From Belfast to Blackrock
Don MacLeay , Blackrock Angus stud founder
Born : Belfast, Northern Ireland, 1924
Died: Busselton, aged 92
As a young lad, Don MacLeay enjoyed hearing the lapping waves over the shores of Belfast Lough.
For the single child of Douglas and Hilda MacLeay, Wavecrest House in County Down was a great place to grow up with the sea only a stone’s throw away.
His early schooling included boarding at Loretto, just south of Edinburgh, Scotland, where he endured cold winters of discontent and with a demanding curriculum and the institution’s strong emphasis on physical education, Don gave away that challenge at age 16.
This was also a time of World War II and the threat of an invasion of Great Britain.
Joining the British Navy as an 18-year-old engineering cadet, he graduated in the spring of 1944 and was posted to the HMS Ajax as a midshipman.
In early June of that year, the Ajax joined a huge armada in the United Kingdom’s River Clyde waiting for the Western Allied D-Day invasion, the largest amphibious undertaking in history, which took place at Normandy on June 6.
The Ajax gun barrels bombarded the coast in artillery support for the army at the Gold Beach, code- named as the centre of the Allied invasion of German-occupied France.
Four years on, in the aftermath of WWII, it was the beginning of the Cold War and the birth of the United Nations.
It was also a time for post-war Victory Matches (cricket) and Don was selected to bowl for the British Combined Services team.
In the 1946 match against the visiting Australian team, he dismissed artful strokemaker Lindsay Hassett (Australia team captain) and years later would do the same to a young rising star — English cricketer Colin Cowdrey, who became a legend in the sport.
As a naval officer, Don had his first Christmas in South Africa in 1948.
It was during that holiday weekend that he met Felicity, of Cape colonist descent, who would become his wife.
After leaving the navy, Don worked in Belfast as an engineer and became a keen fisherman.
Felicity would often row the boat as Don lifted the line containing 150 hooks.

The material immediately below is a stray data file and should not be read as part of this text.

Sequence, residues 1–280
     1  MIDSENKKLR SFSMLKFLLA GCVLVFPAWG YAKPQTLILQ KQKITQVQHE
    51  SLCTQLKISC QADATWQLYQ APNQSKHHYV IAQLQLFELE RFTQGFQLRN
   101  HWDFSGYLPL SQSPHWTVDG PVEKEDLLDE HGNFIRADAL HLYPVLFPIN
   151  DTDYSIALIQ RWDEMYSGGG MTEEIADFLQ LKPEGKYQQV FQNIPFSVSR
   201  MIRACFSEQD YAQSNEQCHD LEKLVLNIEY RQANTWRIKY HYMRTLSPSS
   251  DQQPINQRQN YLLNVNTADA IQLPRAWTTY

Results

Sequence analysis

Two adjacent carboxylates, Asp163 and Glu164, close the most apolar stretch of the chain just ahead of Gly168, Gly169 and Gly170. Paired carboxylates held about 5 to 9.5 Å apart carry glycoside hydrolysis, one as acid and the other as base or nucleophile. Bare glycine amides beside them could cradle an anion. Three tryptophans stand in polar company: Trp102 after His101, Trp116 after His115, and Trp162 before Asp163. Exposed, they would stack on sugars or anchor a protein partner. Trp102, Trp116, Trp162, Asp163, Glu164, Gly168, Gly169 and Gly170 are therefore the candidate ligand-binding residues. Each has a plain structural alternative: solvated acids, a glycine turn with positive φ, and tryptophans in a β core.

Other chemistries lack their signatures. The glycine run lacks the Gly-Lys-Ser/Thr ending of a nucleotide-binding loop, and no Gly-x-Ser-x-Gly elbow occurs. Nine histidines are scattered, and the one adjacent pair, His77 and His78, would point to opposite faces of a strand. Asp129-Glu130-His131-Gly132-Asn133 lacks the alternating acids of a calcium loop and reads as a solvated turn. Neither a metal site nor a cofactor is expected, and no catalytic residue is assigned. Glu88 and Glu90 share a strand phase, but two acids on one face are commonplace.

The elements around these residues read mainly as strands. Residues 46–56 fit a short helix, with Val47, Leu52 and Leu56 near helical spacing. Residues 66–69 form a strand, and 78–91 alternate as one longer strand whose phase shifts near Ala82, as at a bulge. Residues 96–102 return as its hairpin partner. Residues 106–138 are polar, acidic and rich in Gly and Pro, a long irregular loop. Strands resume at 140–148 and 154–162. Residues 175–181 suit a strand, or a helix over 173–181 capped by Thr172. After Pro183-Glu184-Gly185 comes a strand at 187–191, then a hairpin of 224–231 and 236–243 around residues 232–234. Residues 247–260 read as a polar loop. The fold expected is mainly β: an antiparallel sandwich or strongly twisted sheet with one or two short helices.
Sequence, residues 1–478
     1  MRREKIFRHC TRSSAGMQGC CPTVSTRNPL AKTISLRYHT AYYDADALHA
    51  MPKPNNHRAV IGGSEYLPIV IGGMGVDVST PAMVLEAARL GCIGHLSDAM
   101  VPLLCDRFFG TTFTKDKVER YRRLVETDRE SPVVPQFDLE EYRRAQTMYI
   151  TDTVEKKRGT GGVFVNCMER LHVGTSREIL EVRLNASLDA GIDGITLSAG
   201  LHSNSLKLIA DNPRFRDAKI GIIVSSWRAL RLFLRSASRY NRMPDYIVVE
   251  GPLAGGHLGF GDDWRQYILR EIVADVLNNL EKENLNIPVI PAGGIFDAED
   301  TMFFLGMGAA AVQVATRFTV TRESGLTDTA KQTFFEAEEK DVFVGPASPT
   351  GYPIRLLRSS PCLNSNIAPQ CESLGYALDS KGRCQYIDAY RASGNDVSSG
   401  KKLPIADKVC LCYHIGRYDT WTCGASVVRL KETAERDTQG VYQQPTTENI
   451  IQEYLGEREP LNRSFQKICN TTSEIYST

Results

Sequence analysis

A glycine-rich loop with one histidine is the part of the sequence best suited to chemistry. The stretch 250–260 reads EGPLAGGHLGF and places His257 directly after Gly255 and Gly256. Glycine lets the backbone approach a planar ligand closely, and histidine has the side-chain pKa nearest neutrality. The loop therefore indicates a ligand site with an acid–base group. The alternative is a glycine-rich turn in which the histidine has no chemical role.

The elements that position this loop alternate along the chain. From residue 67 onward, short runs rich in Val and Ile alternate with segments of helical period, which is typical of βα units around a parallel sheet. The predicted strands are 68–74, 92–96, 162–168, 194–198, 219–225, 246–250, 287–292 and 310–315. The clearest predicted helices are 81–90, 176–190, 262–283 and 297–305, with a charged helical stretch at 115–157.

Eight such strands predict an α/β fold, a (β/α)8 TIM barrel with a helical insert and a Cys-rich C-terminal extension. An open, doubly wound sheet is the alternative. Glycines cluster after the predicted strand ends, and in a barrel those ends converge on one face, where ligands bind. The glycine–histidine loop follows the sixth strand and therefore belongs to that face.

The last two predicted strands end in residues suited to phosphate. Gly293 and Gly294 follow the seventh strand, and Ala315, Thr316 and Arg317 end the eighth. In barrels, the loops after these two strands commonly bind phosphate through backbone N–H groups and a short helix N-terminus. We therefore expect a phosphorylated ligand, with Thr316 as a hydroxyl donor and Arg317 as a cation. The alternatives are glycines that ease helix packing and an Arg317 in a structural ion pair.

One day, a huge head of a basking shark appeared just behind the boat.
Instinctively, Don shouted “row, I think we are being followed”.
Shortly after, and with political and ethnic troubles brewing throughout the homeland, the couple — through much soul searching — and their three children decided to leave Northern Ireland to look for better opportunities elsewhere.
A rosy picture of WA took hold of their relocation decision in early 1963 and the overseas move was under way.
The passage was on the Dutch ship Orangie, which arrived in Perth on June 5 of that year.
Often asked why he and his family moved to Australia, Don would answer “because cricket is played there”.
With a strong foreign accent, verbal communication was difficult at first.
Don worked for the Public Works Department until 1965, when a decision was made to buy a farm at Busselton.
With no previous experience of farm work or animal husbandry, the MacLeays took a big leap of faith once again for a chance at opportunity.
The old dairy farm had black cattle and with Don’s Scottish background (on his father’s side), Angus became his breed of choice.
That eventuated in the founding of the Blackrock stud, which continues to operate today, still in the hands of the MacLeay family.
Don was also involved in the local cricket association and stood as president.
Over the years, he became very passionate about his Angus cattle and remained very active until he died on July 3.
He leaves behind his wife Felicity, their three children, Peter, 59, Ken, 57, and Liz, 55, eight grandchildren and three great- grandchildren.
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